Make Argentina Great Again

What America can learn from Argentina Trade Policy


I recently listened to a podcast from Planet Money titled “the Phone at the end of the World.”

It was 2011, and Argentina had just reelected Cristina Kirchner President. Her whole platform was bring manufacturing from Asia and Mexico to Argentina.  Does this sound familiar?  First was the direct pressure on companies to manufacture at home  and huge taxes on items made overseas (ie, 30% or 40%). Certain items, like electronics had to be made in Argentina, including cell phones.  If you wanted to import items, you had to export something as well.  So a Porsche importer started exporting wines, Subaru started exporting chicken feet, and Mitsubishi exported peanuts.

The Blackberry Story

Back in 2011,  the Blackberry was still very popular, especially in Argentina. So a phone that was imported from Mexico now had to find manufacturing in Argentina. This was not easy to do, especially when you lack engineers, skilled manufacturing staff, and state of the art machinery to make electronics.

Two years after Argentina’s cell phone ban, the first Blackberry rolled off the line. It was celebrated as a success, a job creation story.  Politician’s crowded around the first Blackberry like it was the Holy Grail and celebrated like Argentina will be a great manufacturing center.  The country started manufacturing microwaves, TVs, laptops, etc.  It seemed like a big success.

But, by the time the first Blackberry rolled off the line, it was 2 years old and twice as expensive as the same models in the USA. And we all know 2 years is a lifetime in electronics.  Less than 2 years after the first Blackberry was made, the factory closed.  This happened at factories all over Argentina. The economic controls imploded, and inflation hit 40%.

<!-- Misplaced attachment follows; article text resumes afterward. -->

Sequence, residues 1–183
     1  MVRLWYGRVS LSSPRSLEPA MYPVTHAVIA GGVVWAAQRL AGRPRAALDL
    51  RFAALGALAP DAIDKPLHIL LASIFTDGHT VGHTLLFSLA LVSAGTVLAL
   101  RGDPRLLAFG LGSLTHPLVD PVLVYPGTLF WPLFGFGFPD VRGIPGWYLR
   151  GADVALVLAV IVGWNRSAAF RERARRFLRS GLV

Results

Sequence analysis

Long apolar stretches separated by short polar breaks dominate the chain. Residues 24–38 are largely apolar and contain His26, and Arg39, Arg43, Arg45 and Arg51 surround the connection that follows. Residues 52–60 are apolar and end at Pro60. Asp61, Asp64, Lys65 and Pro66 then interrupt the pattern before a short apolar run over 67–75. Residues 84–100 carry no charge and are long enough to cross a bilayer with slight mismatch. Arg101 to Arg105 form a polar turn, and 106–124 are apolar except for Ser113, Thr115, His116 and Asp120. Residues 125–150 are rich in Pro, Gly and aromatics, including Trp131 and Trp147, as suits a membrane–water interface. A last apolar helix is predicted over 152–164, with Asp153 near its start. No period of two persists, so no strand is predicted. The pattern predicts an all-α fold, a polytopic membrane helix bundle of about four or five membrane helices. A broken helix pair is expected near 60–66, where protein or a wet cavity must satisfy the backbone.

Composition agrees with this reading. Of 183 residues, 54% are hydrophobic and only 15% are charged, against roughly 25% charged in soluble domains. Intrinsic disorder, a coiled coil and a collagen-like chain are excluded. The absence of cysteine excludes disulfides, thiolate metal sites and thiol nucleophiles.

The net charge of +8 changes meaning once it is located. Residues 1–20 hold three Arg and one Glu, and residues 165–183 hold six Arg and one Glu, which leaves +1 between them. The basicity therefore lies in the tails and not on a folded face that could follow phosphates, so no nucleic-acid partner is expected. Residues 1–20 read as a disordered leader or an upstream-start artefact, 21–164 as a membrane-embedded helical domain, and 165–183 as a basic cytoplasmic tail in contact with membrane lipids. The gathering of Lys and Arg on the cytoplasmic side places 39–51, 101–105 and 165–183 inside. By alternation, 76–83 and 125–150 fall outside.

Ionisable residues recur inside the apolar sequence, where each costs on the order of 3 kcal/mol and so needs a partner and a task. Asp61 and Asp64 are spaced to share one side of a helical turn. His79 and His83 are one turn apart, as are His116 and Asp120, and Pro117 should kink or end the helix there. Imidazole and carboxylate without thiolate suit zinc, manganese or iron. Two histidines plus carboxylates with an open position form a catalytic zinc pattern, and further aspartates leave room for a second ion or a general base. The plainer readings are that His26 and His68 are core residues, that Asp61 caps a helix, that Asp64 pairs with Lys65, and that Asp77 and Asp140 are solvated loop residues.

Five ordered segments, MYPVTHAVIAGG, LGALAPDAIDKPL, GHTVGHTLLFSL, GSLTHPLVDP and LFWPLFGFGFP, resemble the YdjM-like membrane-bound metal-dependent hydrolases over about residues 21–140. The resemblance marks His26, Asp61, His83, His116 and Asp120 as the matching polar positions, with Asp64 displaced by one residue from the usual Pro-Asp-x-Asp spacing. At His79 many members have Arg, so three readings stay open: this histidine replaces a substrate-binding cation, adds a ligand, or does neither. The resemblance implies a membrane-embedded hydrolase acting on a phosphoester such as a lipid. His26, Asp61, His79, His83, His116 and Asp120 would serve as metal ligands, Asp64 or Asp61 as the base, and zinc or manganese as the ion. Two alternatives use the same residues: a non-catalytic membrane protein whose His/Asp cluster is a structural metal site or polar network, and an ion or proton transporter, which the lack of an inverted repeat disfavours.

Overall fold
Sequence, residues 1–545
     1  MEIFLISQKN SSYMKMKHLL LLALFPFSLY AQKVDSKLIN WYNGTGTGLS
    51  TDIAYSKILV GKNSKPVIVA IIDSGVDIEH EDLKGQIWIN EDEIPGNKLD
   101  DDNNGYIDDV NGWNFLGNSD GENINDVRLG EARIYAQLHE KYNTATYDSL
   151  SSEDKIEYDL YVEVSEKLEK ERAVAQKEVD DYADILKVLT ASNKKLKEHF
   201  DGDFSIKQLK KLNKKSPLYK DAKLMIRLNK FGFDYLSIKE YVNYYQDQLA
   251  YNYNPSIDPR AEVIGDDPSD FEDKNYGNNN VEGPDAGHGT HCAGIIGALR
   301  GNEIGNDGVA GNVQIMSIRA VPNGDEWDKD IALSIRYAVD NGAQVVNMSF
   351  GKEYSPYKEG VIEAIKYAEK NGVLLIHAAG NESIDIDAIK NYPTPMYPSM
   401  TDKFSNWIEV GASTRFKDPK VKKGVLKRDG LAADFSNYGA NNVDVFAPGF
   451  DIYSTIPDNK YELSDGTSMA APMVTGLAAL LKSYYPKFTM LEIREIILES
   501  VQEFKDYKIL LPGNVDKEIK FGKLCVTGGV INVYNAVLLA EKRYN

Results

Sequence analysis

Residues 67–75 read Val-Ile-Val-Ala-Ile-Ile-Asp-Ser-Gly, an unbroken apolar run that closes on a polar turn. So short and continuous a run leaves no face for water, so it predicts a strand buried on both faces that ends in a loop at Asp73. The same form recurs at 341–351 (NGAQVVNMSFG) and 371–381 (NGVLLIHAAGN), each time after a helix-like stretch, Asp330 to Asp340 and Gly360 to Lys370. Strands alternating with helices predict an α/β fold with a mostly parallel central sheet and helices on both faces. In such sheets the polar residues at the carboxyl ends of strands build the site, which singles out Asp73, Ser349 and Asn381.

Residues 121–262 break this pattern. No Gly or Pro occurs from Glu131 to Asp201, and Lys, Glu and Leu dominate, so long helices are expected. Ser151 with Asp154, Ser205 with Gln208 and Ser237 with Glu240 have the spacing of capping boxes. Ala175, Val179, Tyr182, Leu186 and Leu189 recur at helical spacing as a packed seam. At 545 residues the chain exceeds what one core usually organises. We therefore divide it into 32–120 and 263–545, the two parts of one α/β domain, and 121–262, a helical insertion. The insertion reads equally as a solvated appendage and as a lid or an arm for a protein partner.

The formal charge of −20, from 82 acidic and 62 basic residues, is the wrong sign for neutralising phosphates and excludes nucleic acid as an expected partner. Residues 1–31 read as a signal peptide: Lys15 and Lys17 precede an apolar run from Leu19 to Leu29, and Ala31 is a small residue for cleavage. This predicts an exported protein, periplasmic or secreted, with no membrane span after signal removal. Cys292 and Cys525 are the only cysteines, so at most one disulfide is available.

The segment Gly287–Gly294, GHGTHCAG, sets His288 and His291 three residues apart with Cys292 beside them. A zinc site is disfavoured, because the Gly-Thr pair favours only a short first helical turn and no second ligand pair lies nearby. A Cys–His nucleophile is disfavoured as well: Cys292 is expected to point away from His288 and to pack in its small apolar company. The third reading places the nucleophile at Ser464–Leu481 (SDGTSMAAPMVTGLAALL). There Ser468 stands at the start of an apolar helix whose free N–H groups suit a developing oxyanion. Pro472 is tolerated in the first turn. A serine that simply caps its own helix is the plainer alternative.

There are obvious direct parallels for bringing this up. I am not sure there are direct comparables given how small Argentina’s manufacturing sector was, but there are certainly things to consider:

  1. Finding skilled staff domestically may involve raising wages to find the right staff
  2. Inflation is always a risk with protectionism. There are just some places where it is more cost-effective to produce parts. Even the celebrated Dreamliner has parts imported by Boeing from South Korea, Italy, Canada, France, Japan, Sweden and Australia.Global production just makes sense, and sometimes local production agreements are backed by repurchase agreements.
  3. Investing in manufacturing without thinking where a country has competitive advantages is not smart.
  4. You may be able to manage supply, but you cannot control demand.

To this day, Apple iphones are not sold in Argentina.

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